Lyme disease vaccine

Lyme disease vaccine
icon of a tick

A vaccine for Lyme disease is not currently available. The only vaccine previously marketed in the United States, LYMERix®, was discontinued by the manufacturer in 2002, citing insufficient consumer demand. Protection provided by this vaccine decreases over time. Therefore, if you received this vaccine before 2002, you are probably no longer protected against Lyme disease.

Clinical trials

Clinical trials of new vaccines for Lyme disease are currently underway. Valneva and Pfizer have developed a Lyme disease vaccine candidate, VLA15, that is currently in Phase 3 human trials. VLA15 is a multivalent, protein subunit vaccine that targets the outer surface protein A (OspA) of Borrelia. This vaccine is designed to protect people against North American and European strains of the Lyme disease bacterium.

The University of Massachusetts Medical School’s MassBiologics has developed a human monoclonal antibody designed to be used as pre-exposure prophylaxis (PrEP) for Lyme disease. Human trials are expected to begin soon. This approach would provide seasonal protection against Lyme disease. It would likely consist of a single shot that people would get each year at the beginning of tick season.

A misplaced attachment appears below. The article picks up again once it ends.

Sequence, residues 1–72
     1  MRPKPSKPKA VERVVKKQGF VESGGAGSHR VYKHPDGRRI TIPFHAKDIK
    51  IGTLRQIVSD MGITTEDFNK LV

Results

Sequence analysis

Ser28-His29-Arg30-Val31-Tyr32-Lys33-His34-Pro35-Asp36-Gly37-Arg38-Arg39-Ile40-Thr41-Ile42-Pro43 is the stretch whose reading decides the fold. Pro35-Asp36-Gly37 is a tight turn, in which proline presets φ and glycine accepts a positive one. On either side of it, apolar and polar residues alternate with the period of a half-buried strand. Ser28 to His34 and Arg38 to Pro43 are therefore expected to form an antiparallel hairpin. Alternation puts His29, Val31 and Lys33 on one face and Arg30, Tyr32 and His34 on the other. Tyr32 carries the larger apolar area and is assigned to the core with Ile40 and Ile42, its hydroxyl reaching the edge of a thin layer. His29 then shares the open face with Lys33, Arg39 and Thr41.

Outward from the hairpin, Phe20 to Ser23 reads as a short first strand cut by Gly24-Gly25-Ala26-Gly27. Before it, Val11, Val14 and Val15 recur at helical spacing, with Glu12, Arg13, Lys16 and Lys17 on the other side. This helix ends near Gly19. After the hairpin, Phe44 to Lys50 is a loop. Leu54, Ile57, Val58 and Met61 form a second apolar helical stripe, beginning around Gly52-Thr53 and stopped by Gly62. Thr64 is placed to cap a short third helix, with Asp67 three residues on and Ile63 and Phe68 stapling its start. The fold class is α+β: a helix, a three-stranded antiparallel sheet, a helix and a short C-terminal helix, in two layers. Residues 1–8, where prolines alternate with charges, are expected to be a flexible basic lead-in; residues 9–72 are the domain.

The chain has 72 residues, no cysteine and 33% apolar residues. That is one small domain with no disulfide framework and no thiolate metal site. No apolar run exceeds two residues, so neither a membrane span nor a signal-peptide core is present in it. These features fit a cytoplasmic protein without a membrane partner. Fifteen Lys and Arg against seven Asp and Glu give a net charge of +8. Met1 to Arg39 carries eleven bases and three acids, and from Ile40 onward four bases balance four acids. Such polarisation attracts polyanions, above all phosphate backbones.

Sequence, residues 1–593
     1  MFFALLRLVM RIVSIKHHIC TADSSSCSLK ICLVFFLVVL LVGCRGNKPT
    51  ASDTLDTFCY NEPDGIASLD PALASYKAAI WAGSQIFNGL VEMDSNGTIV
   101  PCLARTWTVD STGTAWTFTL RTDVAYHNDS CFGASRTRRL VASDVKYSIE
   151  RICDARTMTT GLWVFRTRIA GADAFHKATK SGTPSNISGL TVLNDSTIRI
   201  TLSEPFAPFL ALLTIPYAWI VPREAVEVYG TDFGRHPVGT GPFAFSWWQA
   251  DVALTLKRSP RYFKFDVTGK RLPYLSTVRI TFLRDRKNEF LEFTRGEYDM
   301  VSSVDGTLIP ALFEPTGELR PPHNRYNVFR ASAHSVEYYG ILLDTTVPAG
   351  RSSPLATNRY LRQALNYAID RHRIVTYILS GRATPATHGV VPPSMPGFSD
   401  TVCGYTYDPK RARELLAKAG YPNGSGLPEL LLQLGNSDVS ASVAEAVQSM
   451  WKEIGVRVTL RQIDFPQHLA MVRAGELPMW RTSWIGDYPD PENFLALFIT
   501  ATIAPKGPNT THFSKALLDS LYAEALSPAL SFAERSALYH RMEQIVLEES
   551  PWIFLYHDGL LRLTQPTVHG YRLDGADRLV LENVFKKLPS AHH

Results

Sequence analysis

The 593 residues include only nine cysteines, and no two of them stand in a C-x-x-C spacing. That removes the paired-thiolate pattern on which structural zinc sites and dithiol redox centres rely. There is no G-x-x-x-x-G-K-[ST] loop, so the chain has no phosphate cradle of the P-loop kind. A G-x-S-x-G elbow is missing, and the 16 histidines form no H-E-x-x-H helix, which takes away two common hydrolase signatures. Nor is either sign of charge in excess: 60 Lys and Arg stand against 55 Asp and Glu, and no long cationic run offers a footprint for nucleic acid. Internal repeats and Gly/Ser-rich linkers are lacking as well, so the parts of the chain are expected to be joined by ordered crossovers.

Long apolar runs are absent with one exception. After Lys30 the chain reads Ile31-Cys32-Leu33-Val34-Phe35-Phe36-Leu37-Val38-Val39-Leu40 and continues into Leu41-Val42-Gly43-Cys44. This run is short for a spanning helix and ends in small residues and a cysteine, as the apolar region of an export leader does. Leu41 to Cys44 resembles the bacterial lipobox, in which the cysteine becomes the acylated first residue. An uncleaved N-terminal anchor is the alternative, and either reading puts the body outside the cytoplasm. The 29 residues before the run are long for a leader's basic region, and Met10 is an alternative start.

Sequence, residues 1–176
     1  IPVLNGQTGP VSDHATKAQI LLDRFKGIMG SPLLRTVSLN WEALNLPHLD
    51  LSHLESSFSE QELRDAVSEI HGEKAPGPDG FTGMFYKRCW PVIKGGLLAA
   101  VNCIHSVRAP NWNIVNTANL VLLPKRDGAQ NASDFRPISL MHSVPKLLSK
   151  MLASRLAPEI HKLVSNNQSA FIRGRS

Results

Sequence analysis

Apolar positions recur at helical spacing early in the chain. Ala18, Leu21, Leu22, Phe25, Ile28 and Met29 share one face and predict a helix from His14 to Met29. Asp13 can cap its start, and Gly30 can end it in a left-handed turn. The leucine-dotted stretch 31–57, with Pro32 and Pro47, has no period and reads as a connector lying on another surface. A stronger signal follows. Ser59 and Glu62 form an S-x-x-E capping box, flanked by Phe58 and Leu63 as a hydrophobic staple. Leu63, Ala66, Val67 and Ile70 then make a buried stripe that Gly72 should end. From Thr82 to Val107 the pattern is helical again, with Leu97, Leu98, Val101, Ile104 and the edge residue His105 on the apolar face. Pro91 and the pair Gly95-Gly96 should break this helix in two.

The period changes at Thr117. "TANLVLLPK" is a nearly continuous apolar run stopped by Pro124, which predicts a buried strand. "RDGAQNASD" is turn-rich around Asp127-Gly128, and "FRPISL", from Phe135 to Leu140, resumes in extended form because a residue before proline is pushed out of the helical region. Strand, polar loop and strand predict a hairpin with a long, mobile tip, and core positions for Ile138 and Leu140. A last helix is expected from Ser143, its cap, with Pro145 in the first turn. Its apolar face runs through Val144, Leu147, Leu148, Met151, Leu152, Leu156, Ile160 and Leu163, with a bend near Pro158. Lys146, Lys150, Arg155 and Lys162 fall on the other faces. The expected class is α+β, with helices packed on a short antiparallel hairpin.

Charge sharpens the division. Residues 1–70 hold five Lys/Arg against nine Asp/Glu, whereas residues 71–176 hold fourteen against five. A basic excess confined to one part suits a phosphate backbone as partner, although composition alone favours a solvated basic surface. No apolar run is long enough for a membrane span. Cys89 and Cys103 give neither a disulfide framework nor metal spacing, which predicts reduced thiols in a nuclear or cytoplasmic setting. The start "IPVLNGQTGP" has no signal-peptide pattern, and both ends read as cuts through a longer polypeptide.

What is CDC doing?

CDC is currently conducting research to understand what concerns healthcare providers and the public may have about any potential Lyme disease vaccines. Once a Lyme disease vaccine is approved as safe and effective by the Food and Drug Administration (FDA), CDC will work with the Advisory Committee on Immunization Practices (ACIP) to develop recommendations about where in the U.S. the public might benefit from a Lyme disease vaccine.  CDC will communicate these recommendations to increase awareness of a vaccine among the public and clinicians to prevent Lyme disease in the United States.

Additional reading

Comstedt P, Hanner M, Schüler W, Meinke A, Schlegl R, Lundberg U. Characterization and optimization of a novel vaccine for protection against Lyme borreliosisVaccine. 2015;33(44):5982-5988.

Comstedt P, Schüler W, Meinke A, Lundberg U. The novel Lyme borreliosis vaccine VLA15 shows broad protection against Borrelia species expressing six different OspA serotypesPLoS One. 2017;12(9):e0184357.

Devchand R, Koehler L, Hook S, et al. Understanding consumer and clinician perceptions of a potential Lyme disease vaccine. Health Educ Res. 2021 Sep 16. Epub ahead of print.

Gomes-Solecki M, Arnaboldi PM, Backenson PB, et al. Protective immunity and new vaccines for Lyme diseaseClin Infect Dis. 2020;70(8):1768-1773.

Hook SA, Hansen AP, Niesobecki SA, et al. Evaluating public acceptability of a potential Lyme disease vaccine using a population-based, cross-sectional survey in high incidence areas of the United StatesVaccine. 2021 Dec 8. Epub ahead of print.

Shen AK, Mead PS, Beard CB. The Lyme disease vaccine–a public health perspectiveClin Infect Dis 2011 Feb;52 Suppl 3:s247-52.

Wang Y, Esquivel R, Flingai S, et al. Anti-OspA DNA-encoded monoclonal antibody prevents transmission of spirochetes in tick challenge providing sterilizing immunity in miceJ Infect Dis. 2019;219(7):1146-1150.